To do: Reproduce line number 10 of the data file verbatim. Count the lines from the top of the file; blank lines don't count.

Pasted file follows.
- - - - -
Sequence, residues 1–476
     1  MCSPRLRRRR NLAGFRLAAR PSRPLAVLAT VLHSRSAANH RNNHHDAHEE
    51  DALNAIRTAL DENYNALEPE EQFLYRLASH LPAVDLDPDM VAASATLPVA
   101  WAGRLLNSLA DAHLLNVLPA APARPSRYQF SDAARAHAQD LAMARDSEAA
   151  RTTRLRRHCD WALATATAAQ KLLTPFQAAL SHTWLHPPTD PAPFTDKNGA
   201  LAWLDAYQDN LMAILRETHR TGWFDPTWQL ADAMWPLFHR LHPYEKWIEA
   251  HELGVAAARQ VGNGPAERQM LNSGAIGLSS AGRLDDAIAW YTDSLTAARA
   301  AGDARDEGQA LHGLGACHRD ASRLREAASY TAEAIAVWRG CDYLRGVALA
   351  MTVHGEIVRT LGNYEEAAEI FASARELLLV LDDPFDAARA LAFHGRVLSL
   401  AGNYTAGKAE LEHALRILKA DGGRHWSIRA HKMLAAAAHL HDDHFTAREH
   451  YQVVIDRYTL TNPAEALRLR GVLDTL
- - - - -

   401  AGNYTAGKAE LEHALRILKA DGGRHWSIRA HKMLAAAAHL HDDHFTAREH